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313 N Figueroa St. Rm 1127
Los Angeles, CA 90012
Tel (213) 989-7060
Fax (213) 481-2375
vet@ph.lacounty.gov
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Coccidioidomycosis (Valley Fever) in Animals - Case Definition

This case definition is used to evaluate and categorize cases of coccidioidomycosis reported in animals to the Los Angeles County Department of Public Health. It was developed by public health veterinarian by reviewing published published literature and reported cases of coccidioidomycosis in LA County animals. Earlier case reports of this disease were reviewed and a few reclassified to meet this 2015 case definition. 

Learn more about animal disease surveillance in LA County, and about cases of coccidioidomycosis in animals in LA County

CASE DEFINITION - Coccidioidomycosis (Valley Fever) in Animals - 2015
  CONFIRMED  
  • Organism identified by biopsy, cytology, positive culture, molecular techniques, or

  • Antibody titer (either IgM or IgG) ≥ 1:16 PLUS compatible clinical findings

  PROBABLE  
  • Antibody titer (either IgM or IgG) ≥1:4 and ˂1:16 PLUS compatible clinical findings

  SUSPECTED  
  • Antibody titer (either IgM or IgG) positive but <1:4 PLUS compatible clinical findings
  NOT A CASE  
  • Does not meet the case definition of CONFIRMED, PROBABLE or SUSPECTED, or

  • No compatible clinical findings AND antibody titer <1:4 (i.e. incidental low positive titer)

  COMPATIBLE CLINICAL FINDINGS  

Animal has at least one of the disease syndromes below. Respiratory disease is the most common finding in dogs, while lameness is the second most common. Skin lesions are the most common in cats.

Respiratory:
Cough AND at least one of the following: fever, anorexia, weight loss, radiological evidence of pulmonary disease or response to systemic antifungal treatment.

Bone disease:
Lameness with focal or multi-focal bone pain AND at least one of the following: fever, anorexia, weight loss, radiological evidence of bone disease or response to systemic antifungal treatment.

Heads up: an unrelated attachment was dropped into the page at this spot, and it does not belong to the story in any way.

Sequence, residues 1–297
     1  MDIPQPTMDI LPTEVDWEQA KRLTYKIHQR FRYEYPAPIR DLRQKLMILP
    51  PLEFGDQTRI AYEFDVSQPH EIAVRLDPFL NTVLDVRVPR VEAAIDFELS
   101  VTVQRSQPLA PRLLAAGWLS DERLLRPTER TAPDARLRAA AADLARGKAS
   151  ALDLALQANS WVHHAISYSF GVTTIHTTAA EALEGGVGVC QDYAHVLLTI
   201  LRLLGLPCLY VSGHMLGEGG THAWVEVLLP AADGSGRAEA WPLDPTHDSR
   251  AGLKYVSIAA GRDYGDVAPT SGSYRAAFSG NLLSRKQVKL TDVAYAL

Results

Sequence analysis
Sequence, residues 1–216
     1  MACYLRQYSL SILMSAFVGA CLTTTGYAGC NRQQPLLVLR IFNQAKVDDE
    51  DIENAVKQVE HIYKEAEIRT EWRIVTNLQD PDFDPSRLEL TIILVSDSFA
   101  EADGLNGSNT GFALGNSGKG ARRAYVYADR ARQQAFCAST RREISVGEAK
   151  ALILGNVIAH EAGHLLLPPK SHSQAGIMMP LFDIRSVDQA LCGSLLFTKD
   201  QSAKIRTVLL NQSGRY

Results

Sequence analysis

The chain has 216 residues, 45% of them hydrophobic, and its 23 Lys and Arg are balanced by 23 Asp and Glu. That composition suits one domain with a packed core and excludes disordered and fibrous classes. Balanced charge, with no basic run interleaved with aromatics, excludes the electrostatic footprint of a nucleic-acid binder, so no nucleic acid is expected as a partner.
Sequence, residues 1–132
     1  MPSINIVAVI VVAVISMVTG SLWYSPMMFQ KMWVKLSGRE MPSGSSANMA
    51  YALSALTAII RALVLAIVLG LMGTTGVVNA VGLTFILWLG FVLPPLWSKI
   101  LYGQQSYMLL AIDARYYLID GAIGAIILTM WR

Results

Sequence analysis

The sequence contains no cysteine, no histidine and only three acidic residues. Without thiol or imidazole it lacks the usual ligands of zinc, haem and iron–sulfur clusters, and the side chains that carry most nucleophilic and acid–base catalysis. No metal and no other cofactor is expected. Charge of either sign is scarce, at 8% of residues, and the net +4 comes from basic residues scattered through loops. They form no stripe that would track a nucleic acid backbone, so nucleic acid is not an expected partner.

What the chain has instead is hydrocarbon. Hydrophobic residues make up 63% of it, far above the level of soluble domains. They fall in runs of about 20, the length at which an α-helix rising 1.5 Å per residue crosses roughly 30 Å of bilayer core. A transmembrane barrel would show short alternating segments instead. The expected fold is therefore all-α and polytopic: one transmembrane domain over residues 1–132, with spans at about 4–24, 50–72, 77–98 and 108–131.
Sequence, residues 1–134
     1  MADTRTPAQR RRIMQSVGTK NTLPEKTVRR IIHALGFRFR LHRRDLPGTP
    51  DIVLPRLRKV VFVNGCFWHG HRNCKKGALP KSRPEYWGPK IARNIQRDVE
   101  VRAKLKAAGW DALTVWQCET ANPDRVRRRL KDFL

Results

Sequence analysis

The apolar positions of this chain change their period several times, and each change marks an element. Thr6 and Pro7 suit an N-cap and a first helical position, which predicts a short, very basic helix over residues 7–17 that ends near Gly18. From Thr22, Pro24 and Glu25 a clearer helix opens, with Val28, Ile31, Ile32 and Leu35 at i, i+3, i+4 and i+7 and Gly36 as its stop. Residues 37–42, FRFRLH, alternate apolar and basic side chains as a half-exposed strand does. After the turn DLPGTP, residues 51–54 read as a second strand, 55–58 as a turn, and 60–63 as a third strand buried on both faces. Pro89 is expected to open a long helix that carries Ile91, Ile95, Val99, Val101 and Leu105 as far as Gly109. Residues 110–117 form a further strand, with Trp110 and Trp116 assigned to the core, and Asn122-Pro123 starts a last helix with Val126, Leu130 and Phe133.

Cutaneous disease:
Draining, ulcerating or mass-like skin lesions that is either non-responsive to antibacterial therapy AND/OR responsive to antifungal therapy.

Disseminated disease:
3 of the following findings must be present: fever, anorexia, weight loss, enlarged lymph node(s), weakness, seizures, ataxia, keratitis, uveitis, acute blindness, vomiting, diarrhea, heart failure or response to systemic antifungal treatment.

  EXPOSURE LOCATION  

1n general, cases are considered to be "Other" or "Unknown" unless the history indicates no travel outside of area.

  • UNKNOWN- Less than 2 months of travel history available.

  • LA COUNTY - No travel outside of LA County in the 2 months before first onset of disease

  • SO CAL - No travel outside of southern California in the 2 months before first onset of disease

  • OTHER - Dog traveled or lived outside of southern California into other areas that are endemic for Coccidioidomycosis in the two months before first onset of disease.

For the purpose of this case definition Southern California includes the following counties: Los Angeles, Orange, San Luis Obispo, Kern, Santa Barbara, Ventura, San Bernardino, Riverside, San Diego & Imperial.

  RATIONALE FOR SURVEILLANCE IN ANIMALS   Animals cases are sentinels for the risk of mosquito borne disease in general.
Animals are sentinels. Cases indicate that fungus is in soil in animal's environment. Humans in same environment may also be exposed. Epidemiological data is valuable to LA County veterinarians.
       
  REFERENCES  

Last updated: June 8, 2017

 
Public Health has made reasonable efforts to provide accurate translation. However, no computerized translation is perfect and is not intended to replace traditional translation methods. If questions arise concerning the accuracy of the information, please refer to the English edition of the website, which is the official version.
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